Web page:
Sun rise over Mt. Pignon in the Central Plateau
Levo is founded on the knowledge that laziness can't live in Haiti. Our efforts recognize that the people of Haiti, have to work from sun up to sun down every day to survive. It is remarkable to most "westerners" who visit to see this thorough commitment to work, side by side with a ready and earnest willingness to share. An underappreciated aspect of Haitian culture, arising in part from its heritage having thrown off slavery, is the independence that pervades it. If they must choose, Haitians generally will choose freedom over economic prosperity. This desire to avoid domination from "above" has thoroughly integrated with it a "there is always room for one more attitude." It maintains a cultural requirement to assist neighbors.
Haiti is desperately poor, but still a beautiful, mountainous, Caribbean environment is visible beside the poverty. There is one major city (Port au Prince) in which approximately 2.5 million of the nearly 11 million Haitians live. There is little physical infrastructure in rural regions where the majority of the population lives. Homes are mud and stick, or if fortunate cinder block, construction. Small animals (chickens, goats, pigs) scavenge widely across the landscape. The smell of charcoal being produced is often in the air, along with the smoke. There is little running water, and almost no electricity. Waste management is unavailable, so what trash is not burned (adding to the smells) is left on roadsides.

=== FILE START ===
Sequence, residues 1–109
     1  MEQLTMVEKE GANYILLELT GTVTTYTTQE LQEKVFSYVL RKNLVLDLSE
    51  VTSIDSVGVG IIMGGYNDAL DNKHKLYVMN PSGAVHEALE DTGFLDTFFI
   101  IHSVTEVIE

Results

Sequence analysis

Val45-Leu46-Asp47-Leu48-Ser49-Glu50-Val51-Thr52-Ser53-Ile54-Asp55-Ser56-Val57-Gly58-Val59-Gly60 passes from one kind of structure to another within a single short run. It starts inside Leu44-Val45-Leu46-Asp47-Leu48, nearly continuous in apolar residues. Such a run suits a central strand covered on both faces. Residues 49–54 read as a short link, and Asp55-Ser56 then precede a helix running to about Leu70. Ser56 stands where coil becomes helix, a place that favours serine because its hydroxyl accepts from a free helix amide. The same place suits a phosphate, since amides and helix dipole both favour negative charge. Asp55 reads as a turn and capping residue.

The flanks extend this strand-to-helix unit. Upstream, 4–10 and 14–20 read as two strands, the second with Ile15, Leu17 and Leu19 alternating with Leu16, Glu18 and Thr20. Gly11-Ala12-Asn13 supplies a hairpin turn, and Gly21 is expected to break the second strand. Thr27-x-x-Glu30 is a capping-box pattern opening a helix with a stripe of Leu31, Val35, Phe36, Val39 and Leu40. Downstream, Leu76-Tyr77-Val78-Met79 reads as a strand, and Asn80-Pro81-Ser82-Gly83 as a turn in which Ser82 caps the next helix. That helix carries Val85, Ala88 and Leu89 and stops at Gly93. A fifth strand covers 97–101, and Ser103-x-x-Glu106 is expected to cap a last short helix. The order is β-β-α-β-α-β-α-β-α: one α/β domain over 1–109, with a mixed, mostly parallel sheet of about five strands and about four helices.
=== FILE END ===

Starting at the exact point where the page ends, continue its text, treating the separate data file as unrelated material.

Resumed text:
Informal estimates suggest that more than 80 percent of Haitians support themselves with some form of entrepreneurship. The open air markets that come together about once a week, sell everything residents need. The markets are cacophonies of sights and smells, where enterprising individuals break up retail packages of things like bullion cubes, and sell individual pieces. The most disturbing product for sale is mud cookies. These are dried river mud, which are fed to children and pregnant women) to take the painful edge off hunger.
Agriculture is an important profession in Haiti, but the soil has been severely degraded by deforestation and erosion. The agricultural markets have too been undermined by foreign governments and business. Most agriculture is small scale, performed no mechanization. Where soil is available to support it, the tropical environment can grow avocados, mangoes, bananas. coffee, and rice. But the soil is generally so unyielding that millions in Haiti are food insecure. Two thirds of children are anemic as a result of such poor food availability.
Nonetheless, they are a hopeful people with a "find a way" mindset and a commitment that "chak jou, essaye encore," every day, try again.
What is the approximate size of your Place, in square kilometers? (New question, not required)
What is the estimated population (current 2020) in your Place?